The systems draw pretty heavily from the tabletop RPG as far as stats go, though some of the calculations they make seem a little more arcane than the last time I cracked open the Rogue Trader book. Owlcat even managed to squeeze in some Mass Effect-style space exploration, having you chart new warp routes between the stars of the Koronus Expanse and pick fights with any hostile fleets that might have showed up. Space combat uses a similar turn-based grid system, though it’s got some tweaks which make it sufficiently different enough to require your attention. In some 40 hours of play, I feel like I’ve only scratched the surface of what’s going on and how far you can go. Yet it’s grabbed my attention by the throat and pulled me along with hardly any resistance. The only other game which managed that feat this year was Baldur’s Gate 3.

For all that, Rogue Trader is not without problems. The biggest one I ran into involves cover and how damage is calculated. Certain battle encounters don’t seem to be providing the protection they’re indicating, particularly from what appear to be area-of-effect attacks which should splash against the opposite side and not damage a target behind it. An early encounter also seemed to show similar problems with a direct attack going straight through a stretch of “full” cover despite a character being right behind it. There’s the always dreaded and obnoxious “missing a certain shot” moment (not as bad as XCOM, but still more often than it really has a right to be) along with its annoying little brother, the “dumb luck you got hit” moments on a low or zero chance within a cone. Aside from that, players who aren’t familiar with the setting (and some players who are) might get a little overwhelmed by the amount of information getting thrown at them, and at the options for building and refining characters. Some might argue that there’s too much going on, between space exploration, learning how skill checks are handled, the various powers and abilities and the way they’re laid out for character advancement. It’s not what you’d call nice and neat. There’s also the matter of your inability to make second attempts at certain skill checks. Basically, if you miss it, you’ve blown it, and you have no hope of trying again short of scum saving. Which, being fair, is kind of encouraged.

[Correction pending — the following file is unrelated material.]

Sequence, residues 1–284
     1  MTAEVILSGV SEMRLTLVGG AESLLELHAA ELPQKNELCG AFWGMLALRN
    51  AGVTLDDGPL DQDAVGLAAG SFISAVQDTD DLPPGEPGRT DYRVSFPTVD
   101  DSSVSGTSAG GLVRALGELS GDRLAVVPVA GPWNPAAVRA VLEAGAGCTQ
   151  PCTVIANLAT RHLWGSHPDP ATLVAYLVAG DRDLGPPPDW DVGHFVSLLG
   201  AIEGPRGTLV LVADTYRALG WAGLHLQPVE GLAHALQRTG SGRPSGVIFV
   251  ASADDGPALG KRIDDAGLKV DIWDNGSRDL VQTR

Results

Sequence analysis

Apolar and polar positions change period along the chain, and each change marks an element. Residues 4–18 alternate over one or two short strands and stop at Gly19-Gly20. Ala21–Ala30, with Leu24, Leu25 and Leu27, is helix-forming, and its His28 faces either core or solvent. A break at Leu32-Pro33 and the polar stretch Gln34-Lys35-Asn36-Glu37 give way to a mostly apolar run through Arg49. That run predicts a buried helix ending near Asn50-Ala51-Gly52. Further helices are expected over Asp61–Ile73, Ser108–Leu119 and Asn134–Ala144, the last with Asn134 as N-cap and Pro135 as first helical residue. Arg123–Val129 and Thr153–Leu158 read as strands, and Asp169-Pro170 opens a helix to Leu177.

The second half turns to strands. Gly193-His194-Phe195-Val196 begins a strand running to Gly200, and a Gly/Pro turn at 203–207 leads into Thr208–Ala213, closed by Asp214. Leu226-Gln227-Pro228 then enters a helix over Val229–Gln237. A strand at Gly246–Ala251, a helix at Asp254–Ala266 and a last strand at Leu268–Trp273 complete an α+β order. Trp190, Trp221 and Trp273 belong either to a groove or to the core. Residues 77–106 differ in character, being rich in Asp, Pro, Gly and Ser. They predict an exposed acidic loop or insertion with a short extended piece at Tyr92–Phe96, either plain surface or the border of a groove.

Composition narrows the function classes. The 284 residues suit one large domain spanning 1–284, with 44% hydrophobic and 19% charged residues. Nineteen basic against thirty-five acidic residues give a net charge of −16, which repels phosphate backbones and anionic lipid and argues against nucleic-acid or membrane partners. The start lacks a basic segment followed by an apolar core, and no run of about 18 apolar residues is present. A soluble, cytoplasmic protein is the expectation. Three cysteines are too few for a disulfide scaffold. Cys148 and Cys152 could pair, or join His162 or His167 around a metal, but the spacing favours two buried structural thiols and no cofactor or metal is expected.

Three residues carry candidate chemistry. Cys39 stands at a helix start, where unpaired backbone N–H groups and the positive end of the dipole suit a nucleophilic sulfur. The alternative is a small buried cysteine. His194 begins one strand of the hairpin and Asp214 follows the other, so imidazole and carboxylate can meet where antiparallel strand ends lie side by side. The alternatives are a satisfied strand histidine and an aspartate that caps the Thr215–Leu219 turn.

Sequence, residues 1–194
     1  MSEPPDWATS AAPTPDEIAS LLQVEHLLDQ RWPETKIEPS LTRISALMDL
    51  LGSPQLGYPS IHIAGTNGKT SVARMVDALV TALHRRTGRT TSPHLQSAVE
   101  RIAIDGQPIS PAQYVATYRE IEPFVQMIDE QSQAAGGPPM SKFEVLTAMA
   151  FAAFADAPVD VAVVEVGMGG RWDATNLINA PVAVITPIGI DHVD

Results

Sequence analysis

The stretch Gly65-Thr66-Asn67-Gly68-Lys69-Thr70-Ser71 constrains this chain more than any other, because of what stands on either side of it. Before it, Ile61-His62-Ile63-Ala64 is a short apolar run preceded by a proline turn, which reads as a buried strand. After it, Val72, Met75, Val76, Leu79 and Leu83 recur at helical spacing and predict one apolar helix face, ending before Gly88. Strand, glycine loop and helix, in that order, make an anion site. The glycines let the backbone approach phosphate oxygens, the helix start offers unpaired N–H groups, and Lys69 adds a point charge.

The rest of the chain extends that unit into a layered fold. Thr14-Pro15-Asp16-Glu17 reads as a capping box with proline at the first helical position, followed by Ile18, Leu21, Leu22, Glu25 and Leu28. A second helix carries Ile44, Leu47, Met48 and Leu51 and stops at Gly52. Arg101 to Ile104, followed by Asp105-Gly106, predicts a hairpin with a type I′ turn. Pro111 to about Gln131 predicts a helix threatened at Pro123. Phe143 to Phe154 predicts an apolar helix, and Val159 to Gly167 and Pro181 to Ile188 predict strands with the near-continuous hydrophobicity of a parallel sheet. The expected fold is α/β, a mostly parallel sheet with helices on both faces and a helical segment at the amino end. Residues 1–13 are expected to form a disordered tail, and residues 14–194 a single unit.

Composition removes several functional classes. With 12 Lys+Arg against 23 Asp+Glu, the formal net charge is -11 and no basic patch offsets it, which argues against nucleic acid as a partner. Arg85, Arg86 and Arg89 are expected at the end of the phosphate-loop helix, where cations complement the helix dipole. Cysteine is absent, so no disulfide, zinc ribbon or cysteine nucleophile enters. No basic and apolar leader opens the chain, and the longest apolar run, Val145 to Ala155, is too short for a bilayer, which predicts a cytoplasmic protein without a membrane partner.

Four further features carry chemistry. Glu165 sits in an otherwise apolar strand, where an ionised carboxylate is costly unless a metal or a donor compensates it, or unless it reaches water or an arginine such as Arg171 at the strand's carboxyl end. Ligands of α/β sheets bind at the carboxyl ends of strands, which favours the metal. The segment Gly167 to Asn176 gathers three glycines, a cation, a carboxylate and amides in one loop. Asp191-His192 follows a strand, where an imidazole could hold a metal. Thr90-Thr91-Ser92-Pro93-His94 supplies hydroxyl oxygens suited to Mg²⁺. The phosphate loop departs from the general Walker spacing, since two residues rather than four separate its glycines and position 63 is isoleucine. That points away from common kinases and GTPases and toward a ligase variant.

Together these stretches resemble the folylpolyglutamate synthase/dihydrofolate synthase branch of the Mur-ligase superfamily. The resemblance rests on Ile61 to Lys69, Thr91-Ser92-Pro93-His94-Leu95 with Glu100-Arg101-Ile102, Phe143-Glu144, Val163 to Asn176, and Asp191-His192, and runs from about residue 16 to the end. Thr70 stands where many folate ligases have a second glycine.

Clearly, the phrase “noblesse oblige” needs to be introduced into the Koronus Expanse.

Under certain circumstances, the performance on Rogue Trader seems to slip a little bit. Saving and loading seems to take increasingly longer as time goes on, and I believe a save file corrupted on me shortly after a big boss fight. When it runs well, it runs really well. But the growing save file times, as well as slowdowns when there’s a large number of enemies on the screen, are pain points which will probably be addressed as time goes on.

All in all, Owlcat Games has delivered a staggeringly good CRPG in Rogue Trader. If for some reason Baldur’s Gate 3 didn’t grab you, or you’re taking a break from it, you’ll find all the high adventure and deep storytelling you could ask for. Grab your laspistol, praise the Emperor, and chart your new destiny.

Axel reviewed Warhammer 40K: Rogue Trader on PC with a review code.